Lindahl’s sister also had started running and had similar support issues. “She called me and she said, ‘What are you wearing for a bra? Why isn't there a jockstrap for women?’” said Lindahl. “And I laughed out loud. We thought that was hilarious. We hung up, and I thought, ‘What would a bra for running have to look like and what would it have to do?’ So I sat down and I made a list.”

Lindahl had the vision - but she was not a seamstress.

“I got a D- in sewing in eighth grade,” she said. “But my good friend got an A, and we remained friends. In fact, she was renting my guest room at the time because she was building costumes for the Champlain Shakespeare Festival right up the street. So I went upstairs and said, ‘Polly! Help me make this bra.’”

Costume designer Polly Smith’s designs for the Jogbra, photo courtesy of the Smithsonian collection of records and information on Jogbra, Inc.
Costume designer Polly Smith’s designs for the Jogbra
Photo credit: Jogbra, Inc. Records, Archives Center, National Museum of American History, Smithsonian Institution

Polly Smith was not interested in making a bra. But Lindahl didn’t give up; she knew that Smith would get hooked on solving the considerable design challenges inherent in creating a bra. In the traditional garment industry most bras were designed by engineers.

Ironically, Lindahl’s soon-to-be-ex-husband gave them critical insight by coming downstairs one day with a jockstrap stretched across his chest, announcing the “jock bra.” Smith created a prototype by cutting apart and resewing two jockstraps, which Lindahl road-tested. Eventually they developed a design made from a new fabric called Lycra®, with plush-backed elastic and straps that crossed in the back.

And that might have been the end of the story - three women creating something useful that hadn’t existed before. Except that Lindahl knew that if she needed a sports bra, then other women needed one, too.

Lindahl also needed an income stream. She had drug-resistant epilepsy, and she knew her marriage wasn’t going to last.

Hinda S. Miller and Lisa Lindahl at a trade show, 1981; photo courtesy of the Smithsonian collection of records and information on Jogbra, Inc.
Hinda S. Miller and Lisa Lindahl at a trade show, 1981
Photo credit: Jogbra, Inc. Records, Archives Center, National Museum of American History, Smithsonian Institution

“How am I going to support myself without a driver’s license? I had to make a living,” said Lindahl. “I now know that under-employment and unemployment are the biggest non-medical issues facing those of us with epilepsy. In my young adulthood, I was experiencing that. So I was thinking that [selling these bras] could be a nice little mail-order business on the side.”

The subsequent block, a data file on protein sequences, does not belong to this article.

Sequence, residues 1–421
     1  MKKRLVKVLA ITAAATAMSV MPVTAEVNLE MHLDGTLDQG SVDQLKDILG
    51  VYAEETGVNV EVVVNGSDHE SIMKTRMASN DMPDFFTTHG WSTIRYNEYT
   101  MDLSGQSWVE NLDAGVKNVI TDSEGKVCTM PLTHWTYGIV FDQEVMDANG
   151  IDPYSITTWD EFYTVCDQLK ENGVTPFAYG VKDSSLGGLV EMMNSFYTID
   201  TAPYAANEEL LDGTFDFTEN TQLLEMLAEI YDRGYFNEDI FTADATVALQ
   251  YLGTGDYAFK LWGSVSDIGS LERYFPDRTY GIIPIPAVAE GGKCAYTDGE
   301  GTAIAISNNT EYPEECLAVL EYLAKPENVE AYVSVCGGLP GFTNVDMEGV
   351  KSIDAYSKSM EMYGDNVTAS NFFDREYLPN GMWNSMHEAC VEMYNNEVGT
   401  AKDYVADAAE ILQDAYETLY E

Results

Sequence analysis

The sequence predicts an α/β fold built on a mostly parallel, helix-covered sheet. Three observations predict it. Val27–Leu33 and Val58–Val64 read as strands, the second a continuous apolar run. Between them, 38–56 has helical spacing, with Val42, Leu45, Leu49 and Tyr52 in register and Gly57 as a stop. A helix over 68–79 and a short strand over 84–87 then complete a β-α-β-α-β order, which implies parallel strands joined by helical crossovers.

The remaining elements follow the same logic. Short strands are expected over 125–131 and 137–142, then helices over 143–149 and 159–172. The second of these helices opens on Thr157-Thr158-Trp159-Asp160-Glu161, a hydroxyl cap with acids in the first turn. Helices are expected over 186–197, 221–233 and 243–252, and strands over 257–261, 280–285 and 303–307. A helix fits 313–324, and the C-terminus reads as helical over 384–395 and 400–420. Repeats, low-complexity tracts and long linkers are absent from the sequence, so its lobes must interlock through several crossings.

Building the bra business

That “nice little mail-order business” evolved into Jogbra, Inc., a multimillion-dollar company. Lindahl, Smith, and Hinda Schreiber Miller were the original owners; they were awarded US Patent #4,174,717 for the bra in 1979.

Although none of the women initially knew much about running a business, they found a manufacturer, secured loans, hired sales reps, managed marketing and advertising, and started attending trade shows. Initially, they had to convince sporting-goods stores to carry the bra; this wasn’t easy, because at the time, bras were considered lingerie, not sports equipment.

Lindahl learned on the go, asking questions, recruiting help, and generally rolling with whatever came her way. What began as boxes of bras shipped to her apartment - and a small group of people packing bra orders while eating pizza - eventually grew to a company of 175 employees. (The full story of the Jogbra and the growth of the company is found in Lindahl’s book, Unleash the Girls, published in 2019.)

Epilepsy in the corporate world

How does a business owner with uncontrolled epilepsy handle frequent travel and long hours?

Hinda S. Miller and Lisa Lindahl in an ad for the Jogbra, 1978; Photo courtesy of Lisa Lindahl
Hinda S. Miller and Lisa Lindahl in an ad for the Jogbra, 1978

It helped that she owned the company; Lindahl could manage her own work hours and create the flexibility she needed. Over the years, she continued having one or two tonic-clonic seizures a month. But her seizure pattern was predictable.